prompt support provided to us when the facilities for nutrient analy-
sis at Sokoine University became unavailable. Ms. Olivia Liang skill-
fully assisted in final typesetting and editing.

Financial support by GTZ/BMZ for this study (Project No: 02.7860.6-


001.00, Contract No. 81063039) is gratefully acknowledged.
INTRODUCTION 1

1 Introduction
African indigenous vegetables play a highly significant role in food
security of the underprivileged in both urban and rural settings
(Schippers, 1997). They can serve as primary foods or secondary
condiments to dishes prepared from domesticated varieties. They are
also valuable sources of energy and micronutrients in the diets of
isolated communities (Grivetti and Ogle, 2000). Further, they may
serve as income sources and may be marketed or traded locally, re-
gionally, even internationally, and the primary importance of edible
wild species during periods of drought and or social unrest or war is
well documented (Humphry et al., 1993, Smith et al., 1995, Smith et
al., 1996). However, the important role of African indigenous veg-
etables in Tanzanias health sector, diets and as an income source is
threatened through extinction of the genetic resources of these spe-
cies. Many landraces of vegetables are in the process of being replaced
by modern varieties (FAO, 1998).

In fact, nowadays only a small number of all vegetables available as


foods are produced in highly intensive cropping systems (Table 1.1).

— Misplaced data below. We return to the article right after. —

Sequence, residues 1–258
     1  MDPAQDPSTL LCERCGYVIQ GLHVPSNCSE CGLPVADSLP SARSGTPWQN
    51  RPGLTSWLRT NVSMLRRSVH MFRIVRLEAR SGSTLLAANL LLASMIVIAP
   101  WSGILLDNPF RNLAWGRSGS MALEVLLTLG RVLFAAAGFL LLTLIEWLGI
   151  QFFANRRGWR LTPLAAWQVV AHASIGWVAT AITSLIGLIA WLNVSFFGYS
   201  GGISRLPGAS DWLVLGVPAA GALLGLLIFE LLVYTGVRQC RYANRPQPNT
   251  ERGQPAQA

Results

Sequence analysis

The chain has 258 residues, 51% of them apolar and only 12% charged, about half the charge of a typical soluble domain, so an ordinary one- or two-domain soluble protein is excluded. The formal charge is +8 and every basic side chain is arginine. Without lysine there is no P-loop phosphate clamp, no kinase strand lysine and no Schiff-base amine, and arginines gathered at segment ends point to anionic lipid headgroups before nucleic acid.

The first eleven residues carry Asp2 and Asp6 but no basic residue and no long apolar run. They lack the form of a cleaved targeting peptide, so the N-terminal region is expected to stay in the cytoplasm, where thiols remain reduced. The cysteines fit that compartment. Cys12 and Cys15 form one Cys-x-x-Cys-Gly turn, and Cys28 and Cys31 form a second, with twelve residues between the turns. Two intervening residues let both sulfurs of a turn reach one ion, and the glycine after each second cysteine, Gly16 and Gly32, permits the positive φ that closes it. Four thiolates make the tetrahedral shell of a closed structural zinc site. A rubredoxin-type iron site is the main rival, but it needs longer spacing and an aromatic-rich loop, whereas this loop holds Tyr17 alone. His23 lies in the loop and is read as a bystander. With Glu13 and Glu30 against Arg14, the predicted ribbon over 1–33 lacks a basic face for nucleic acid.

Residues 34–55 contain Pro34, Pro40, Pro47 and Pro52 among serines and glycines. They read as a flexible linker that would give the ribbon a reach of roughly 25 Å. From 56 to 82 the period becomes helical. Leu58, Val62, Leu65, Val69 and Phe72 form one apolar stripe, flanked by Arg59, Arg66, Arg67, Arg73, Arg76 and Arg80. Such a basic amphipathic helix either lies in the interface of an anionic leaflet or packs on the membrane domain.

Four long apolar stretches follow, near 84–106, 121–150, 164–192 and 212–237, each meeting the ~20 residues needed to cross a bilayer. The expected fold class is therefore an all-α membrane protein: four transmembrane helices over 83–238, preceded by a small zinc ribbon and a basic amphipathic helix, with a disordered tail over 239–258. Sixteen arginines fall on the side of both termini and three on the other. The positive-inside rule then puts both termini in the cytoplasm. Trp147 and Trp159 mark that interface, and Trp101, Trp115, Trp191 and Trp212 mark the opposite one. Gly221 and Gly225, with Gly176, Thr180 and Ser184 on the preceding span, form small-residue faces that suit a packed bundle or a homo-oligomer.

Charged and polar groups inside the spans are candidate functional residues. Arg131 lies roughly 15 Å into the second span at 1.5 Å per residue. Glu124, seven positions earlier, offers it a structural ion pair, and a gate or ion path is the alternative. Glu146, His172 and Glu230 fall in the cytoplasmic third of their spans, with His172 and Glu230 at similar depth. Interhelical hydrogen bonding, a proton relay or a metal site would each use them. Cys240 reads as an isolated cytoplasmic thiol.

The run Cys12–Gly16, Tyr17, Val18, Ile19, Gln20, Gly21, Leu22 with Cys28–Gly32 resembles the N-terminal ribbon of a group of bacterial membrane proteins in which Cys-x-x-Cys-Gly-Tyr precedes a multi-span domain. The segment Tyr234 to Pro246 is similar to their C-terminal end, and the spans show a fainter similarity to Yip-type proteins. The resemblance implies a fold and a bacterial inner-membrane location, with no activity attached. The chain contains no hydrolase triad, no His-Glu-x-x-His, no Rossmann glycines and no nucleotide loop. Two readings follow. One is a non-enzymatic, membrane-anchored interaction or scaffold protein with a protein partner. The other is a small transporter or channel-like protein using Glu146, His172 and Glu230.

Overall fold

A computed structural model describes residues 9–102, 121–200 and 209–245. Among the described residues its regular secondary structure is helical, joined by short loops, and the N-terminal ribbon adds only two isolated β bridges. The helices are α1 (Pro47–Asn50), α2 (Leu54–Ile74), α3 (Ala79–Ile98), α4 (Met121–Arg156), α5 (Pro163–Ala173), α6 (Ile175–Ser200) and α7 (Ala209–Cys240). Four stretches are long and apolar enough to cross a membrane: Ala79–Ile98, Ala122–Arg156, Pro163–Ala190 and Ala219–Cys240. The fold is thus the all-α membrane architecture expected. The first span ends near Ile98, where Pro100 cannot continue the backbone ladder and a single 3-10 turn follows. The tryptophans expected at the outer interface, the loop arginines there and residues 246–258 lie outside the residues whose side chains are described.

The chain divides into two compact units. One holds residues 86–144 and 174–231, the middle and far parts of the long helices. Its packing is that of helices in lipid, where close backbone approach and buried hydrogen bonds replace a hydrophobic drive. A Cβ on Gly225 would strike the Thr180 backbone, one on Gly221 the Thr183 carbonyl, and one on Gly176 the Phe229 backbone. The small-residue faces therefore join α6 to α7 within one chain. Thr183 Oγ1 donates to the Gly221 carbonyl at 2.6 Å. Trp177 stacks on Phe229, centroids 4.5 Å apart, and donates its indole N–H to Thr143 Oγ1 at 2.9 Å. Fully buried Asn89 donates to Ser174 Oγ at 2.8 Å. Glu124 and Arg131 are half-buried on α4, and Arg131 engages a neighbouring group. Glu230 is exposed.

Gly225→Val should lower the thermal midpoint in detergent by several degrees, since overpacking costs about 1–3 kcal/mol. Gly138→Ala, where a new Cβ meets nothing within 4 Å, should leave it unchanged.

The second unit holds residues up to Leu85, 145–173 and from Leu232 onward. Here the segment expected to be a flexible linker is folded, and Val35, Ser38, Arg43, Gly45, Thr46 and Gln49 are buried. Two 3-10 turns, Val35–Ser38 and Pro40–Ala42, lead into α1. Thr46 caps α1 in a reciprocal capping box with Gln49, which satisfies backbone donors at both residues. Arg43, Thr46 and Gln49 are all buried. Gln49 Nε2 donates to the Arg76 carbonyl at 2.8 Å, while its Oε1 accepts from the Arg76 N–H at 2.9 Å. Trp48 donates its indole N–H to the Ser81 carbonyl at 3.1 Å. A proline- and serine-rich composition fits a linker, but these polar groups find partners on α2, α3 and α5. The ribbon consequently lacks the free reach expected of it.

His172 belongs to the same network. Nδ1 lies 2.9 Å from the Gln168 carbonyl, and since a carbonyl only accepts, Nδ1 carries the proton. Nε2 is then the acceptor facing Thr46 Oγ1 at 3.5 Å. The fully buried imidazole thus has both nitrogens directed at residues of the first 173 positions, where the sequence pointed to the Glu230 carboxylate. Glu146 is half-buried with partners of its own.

Table 1.1. Biodiversity of vegetables in numbers


1500 2000 used as supplementary foods
500 primitive cultivation
200 home cultivation
80 labor-intensive market garden
20 highly intensive crop systems
Source: Siemonsma and Piluek (1994)

In this study, indigenous refers to a crop species or variety genuinely


native to a region, or to a crop introduced into a region where over a
period of time it has evolved, although the species may not be native.
Crops bred scientifically are excluded from this definition. In contrast,
exotic crops are crops that have been imported to a certain region
(Engle and Altoveros, 2000).

African indigenous vegetables are considered valuable because of their


ability to fit into year-round production systems, their nutritional value,
and the danger of their extinction. However, crops should be selected
for domestication only if there is real nutritional or economic need
(Engle and Altoveros, 2000). The objective of this study therefore was
2 INTRODUCTION

to identify priorities for research. The study was funded by GTZ/BMZ


as a complementary study to the project Promotion of Neglected
Indigenous Vegetable Crops for Nutritional Health in Eastern and South-
ern Africa.
PURPOSE AND APPROACH 3

2 Purpose and Approach


2.1 Purpose
The purpose of the study is to provide recommendations for enhanc-
ing the role of indigenous vegetables (IVs) for improved nutrition,
healthy diet, and diversified income generation in home garden pro-
duction and commercial farming systems in Tanzania. The study uses
a multidisciplinary approach to identify market demand and to ana-
lyze values for nutrients that are known to be commonly deficient in
the diets of the majority of people in Tanzania. Several of the IV crops
that we focused on in this study are those identified by the comple-
mentary project Promotion of Neglected Indigenous Vegetable Crops
for Nutritional Health in Eastern and Southern Africa as target IV
crops (see Table 2.1). There are also a variety of indigenous fruits in
use and consumed, which are purposely excluded from this study.

2.2 Approach